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Cultural economics and India's changing caste system. The effect of economic opportunity and entrepreneurship on the social hierarchy in a small town in India is the subject of Elizabeth Holmes' (GRS'99) doctoral research. Holmes, a graduate student in anthropology, will investigate the effects of newfound affluence on the elaborate caste system, from precolonial times to today, in Kuttipuram, in India's Malabar province. She is examining economic opportunity and change in this southwestern coastal region.

Kuttipuram has an agricultural society and was once the home of a lucrative spice trade, but redistribution of land by the province's government in the 1950s has forced many families to find supplemental sources of income. A recent source is having a family member work overseas in Persian Gulf countries. Making up only 4 percent of India's population, the region's people represent more than half of the migrant Indian workers in the Middle East. Some are skilled laborers, but most are not.

Working for five to eight years, the emigrants usually return to India with significant amounts of cash, which they use to establish small businesses, hold large weddings, or for general household expenditures -- activities that can challenge their caste.

Its origins are lost in antiquity, but India's caste system still governs all social relationships. There are about 3,000 castes and more than 25,000 subcastes in India, each with its own social customs and restrictions. In the past, caste strictly regulated economic opportunities. "Few studies have shown how people use their economic prosperity to negotiate caste boundaries," Holmes says.

Her study will offer a unique perspective, she says, on the continually changing relationship between Malabar's economic organization and its social organization because she will explore the region's precolonial roots as well as its current economic trends, illustrating that caste does change over time.

Holmes' work will contribute to the emerging field of cultural economics, which, unlike classical economics, explores the linkages between the economy and other social institutions. "By examining how entrepreneurship can change -- or maintain -- a system of social stratification," she says, "my research will offer a new way to look at, and understand, how the economy is embedded in social relations."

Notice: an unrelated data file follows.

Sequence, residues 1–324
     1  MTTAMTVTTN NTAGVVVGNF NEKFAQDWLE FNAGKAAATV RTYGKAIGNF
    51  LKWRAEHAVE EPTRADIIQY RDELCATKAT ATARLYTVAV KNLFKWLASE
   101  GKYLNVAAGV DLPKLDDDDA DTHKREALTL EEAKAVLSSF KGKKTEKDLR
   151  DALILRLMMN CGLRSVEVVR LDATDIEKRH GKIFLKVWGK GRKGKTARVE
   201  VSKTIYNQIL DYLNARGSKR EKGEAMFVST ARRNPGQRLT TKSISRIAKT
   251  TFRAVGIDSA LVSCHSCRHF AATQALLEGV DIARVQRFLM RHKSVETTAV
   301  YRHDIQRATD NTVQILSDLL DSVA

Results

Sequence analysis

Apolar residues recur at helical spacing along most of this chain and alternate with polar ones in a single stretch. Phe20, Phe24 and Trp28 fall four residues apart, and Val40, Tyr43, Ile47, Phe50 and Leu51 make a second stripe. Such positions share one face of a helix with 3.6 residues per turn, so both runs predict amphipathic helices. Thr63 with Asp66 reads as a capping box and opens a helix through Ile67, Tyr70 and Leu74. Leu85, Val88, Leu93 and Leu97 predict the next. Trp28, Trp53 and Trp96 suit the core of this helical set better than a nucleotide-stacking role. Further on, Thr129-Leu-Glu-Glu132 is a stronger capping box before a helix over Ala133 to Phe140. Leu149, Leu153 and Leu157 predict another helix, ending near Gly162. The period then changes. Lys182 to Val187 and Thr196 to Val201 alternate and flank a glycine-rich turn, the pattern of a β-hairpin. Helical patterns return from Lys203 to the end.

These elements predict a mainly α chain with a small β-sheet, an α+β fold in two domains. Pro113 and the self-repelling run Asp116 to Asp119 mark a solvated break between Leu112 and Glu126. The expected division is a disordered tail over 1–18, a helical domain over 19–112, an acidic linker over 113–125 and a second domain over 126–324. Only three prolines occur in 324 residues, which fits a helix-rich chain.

It's the gift recipient's thoughts that count. According to a 1997 study, Americans spend more than 0 billion dollars annually on gifts. But when mother said, "It's the thought that counts," she probably didn't reckon with the emotional minefield that gift-giving can represent.

To understand and interpret this emotional minefield, SMG Assistant Professor of Marketing Frederic Brunel and two coauthors have published a new study that looks at the significance of exchanging gifts on creating and maintaining relationships.

"We found that the critical factor is how the recipients perceive the gift," explains Brunel. "A gift's symbolism is what provokes an emotional response in the recipient and can permanently change a relationship."

He cites the gift of a used frying pan to a newly married couple by the groom's coworkers -- for real, not as a gag. Feeling that they didn't care enough to decently honor his marriage, the groom withdrew from a number of previously friendly relationships with his colleagues, reporting, "It was never the same around the office again, with everyone suspected of giving the used gift."

Brunel and the research team interviewed 137 people, asking how gifts affect their relationships. The team

"Research Briefs" is written by Joan Schwartz in the Office of the Provost. To read more about BU research, visit


15 May 2003
Boston University
Office of University Relations